The Bible is chock-full of food: foods that we consume nearly every day, foods that exist but we've only heard about, and foods that exist purely within the Biblical canon. Some are mentioned symbolically, some are simple meals. We've rounded up some of the most important, well-known foods mentioned in the Bible.
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Food makes its first presence known at the (literal) beginning , in Genesis 1:29, where the Bible reads:
"Then God said, 'I give you every seed-bearing plant on the face of the whole earth and every tree that has fruit with seed in it. They will be yours for food.'"
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Food was first created for Adam and Eve to be healthy and strong, according to the Examiner. Throughout the Bible, food is seen as a means to save lives. For example, in 1 Kings 17:4, the Lord says to Elijah,
"You will drink from the brook, and I have directed the ravens to supply you with food there."
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Some may even argue that food symbolizes a ritual and spiritual observance, because it takes time to plant, grow, and harvest crops. It is a labor of love, and it teaches the grower to be patient and respect the beauty of nature.
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Some take food in the Bible quite literally: there is even a Biblical diet in which only foods mentioned in the Bible can be eaten. The diet doesn't exactly comply with the USDA food pyramid, but the USDA was not created until much later.
Be it it symbolic or utilitarian, a lot of food is mentioned throughout the Bible. There are many interpretations of what the food actually means, but it's really what you make of it.
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In the Bible, olive oil is used to keep lamps burning and to make bread. For example, In Exodus 27:20, the Lord said to Aaron, "Command the Israelites to bring you clear oil of pressed olives for the light so that the lamps may be kept burning."
Unleavened Bread (Matzo)
In Exodus 12:17, the Lord said to Moses and Aaron in Egypt, "Celebrate the Festival of Unleavened Bread, because it was on this very day that I brought your divisions out of Egypt. Celebrate this day as a lasting ordinance for the generations to come."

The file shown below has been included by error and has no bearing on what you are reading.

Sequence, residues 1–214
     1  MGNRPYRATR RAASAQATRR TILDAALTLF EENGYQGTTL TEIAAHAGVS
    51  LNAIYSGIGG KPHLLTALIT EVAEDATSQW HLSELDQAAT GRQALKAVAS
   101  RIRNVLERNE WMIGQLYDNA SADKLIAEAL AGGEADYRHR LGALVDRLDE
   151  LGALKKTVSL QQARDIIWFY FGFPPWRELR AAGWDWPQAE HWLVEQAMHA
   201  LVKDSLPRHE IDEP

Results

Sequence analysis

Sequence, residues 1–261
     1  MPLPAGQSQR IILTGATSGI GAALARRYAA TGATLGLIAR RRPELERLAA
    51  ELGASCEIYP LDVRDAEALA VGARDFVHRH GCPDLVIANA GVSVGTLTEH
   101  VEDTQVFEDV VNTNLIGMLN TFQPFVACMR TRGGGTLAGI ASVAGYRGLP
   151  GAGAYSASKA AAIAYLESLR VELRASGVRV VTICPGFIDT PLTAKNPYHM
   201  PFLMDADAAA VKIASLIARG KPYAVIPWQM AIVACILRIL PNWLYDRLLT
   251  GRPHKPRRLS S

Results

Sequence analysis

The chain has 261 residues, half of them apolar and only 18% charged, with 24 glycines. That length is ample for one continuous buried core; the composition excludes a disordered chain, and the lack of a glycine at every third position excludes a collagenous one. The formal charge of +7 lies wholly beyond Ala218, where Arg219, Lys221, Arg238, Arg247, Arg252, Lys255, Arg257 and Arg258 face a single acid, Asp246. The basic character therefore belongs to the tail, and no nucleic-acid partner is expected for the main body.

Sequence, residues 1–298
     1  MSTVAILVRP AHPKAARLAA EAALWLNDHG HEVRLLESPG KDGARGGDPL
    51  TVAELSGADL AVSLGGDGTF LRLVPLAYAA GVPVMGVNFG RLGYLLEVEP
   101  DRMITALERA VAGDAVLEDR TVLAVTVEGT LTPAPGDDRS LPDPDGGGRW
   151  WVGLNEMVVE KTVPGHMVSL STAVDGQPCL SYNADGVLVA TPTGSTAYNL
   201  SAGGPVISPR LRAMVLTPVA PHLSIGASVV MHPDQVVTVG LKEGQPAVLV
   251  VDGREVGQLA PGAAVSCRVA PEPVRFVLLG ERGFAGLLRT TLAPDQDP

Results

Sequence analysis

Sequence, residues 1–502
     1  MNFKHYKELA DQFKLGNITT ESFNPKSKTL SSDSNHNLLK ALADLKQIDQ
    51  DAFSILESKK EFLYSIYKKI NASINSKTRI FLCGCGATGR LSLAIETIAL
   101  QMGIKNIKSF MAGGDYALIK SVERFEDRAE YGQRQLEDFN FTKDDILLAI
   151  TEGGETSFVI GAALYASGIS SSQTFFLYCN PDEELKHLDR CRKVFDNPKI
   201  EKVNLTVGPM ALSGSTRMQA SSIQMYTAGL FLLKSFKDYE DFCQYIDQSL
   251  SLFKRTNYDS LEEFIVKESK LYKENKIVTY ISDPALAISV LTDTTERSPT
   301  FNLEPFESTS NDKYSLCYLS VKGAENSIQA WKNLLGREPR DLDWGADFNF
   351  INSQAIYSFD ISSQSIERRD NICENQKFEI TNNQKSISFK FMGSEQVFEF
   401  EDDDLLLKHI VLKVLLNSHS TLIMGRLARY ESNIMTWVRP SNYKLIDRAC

The festival mentioned is, of course, Passover. As the story goes, when the Jews were released from bondage in Egypt, they had no time to let their bread rise, so were forced to eat unleavened bread instead. According to The Good News, unleavened bread represents sincerity and truth, and is eaten by Jews every Passover.
Lentils and Beans
2 Samuel 23:11-12 discusses how Shammah defeated the Philistines in the middle of a field of lentils in Israel and brought about a victory for the Lord. According to Gospel Bread of Life, the lentils represented a part of the Promised Land and how it should be fought for. Even if it was a hill of beans, it was a fight to defend God's fruit of labor.
There is also a recipe mentioned in Ezekiel 4:9: "Take wheat and barley, beans and lentils, millet and spelt; put them in a storage jar and use them to make bread for yourself. You are to eat it during the 390 days you lie on your side." Many bread recipes, including the popular Ezekiel bread, are based on this passage.
Vinegar was treated similar to wine and other alcohol because it is made from the same ingredients as wine, according to Daily Bible Study. Nazirites were not allowed to drink vinegar. The Lord said to Moses in Numbers 6:3, "…they must abstain from wine and other fermented drink and must not drink vinegar made from wine or other fermented drink."
Jesus was also offered vinegar twice. The first time was when he was first crucified as an way to numb the pain of suffering on the cross. He refused because he wanted to suffer with a clear conscience, according to House to House. He accepted the second time because he needed to moisten his mouth before he said his final words.
Like today, wine is viewed in the Bible as both a sacramental and celebratory drink. For example, Melchizedek the King of Salem and Priest of God Most High, brought out bread and wine in Genesis 14:17-19 when Abram returned from defeating Kedorlaomer. Wine is also a divine blessing; according to bibletools.org, it represents "joy, celebration, and festivity," and also is "praised as gracious divine blessing." Aside from intoxicating effects, it also represents the blood of Christ, who famously converted water into wine.
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-Samantha Neudorf, The Daily Meal